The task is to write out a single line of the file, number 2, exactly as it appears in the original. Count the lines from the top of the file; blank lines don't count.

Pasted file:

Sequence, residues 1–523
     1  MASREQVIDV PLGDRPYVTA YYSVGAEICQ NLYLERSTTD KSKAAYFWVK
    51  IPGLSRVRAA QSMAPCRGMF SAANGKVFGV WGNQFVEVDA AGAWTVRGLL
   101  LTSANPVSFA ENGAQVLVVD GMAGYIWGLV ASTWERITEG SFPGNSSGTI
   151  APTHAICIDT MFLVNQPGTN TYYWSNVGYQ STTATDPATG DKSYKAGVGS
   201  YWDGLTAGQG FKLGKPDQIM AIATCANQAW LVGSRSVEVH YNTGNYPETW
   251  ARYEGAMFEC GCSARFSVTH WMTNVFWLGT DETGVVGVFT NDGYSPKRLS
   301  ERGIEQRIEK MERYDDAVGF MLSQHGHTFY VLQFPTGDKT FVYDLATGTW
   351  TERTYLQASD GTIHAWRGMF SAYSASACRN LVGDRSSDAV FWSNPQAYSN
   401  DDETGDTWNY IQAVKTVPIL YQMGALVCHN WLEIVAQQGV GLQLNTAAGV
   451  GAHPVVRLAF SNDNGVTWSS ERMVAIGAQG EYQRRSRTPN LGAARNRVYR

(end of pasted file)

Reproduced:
     1  MASREQVIDV PLGDRPYVTA YYSVGAEICQ NLYLERSTTD KSKAAYFWVK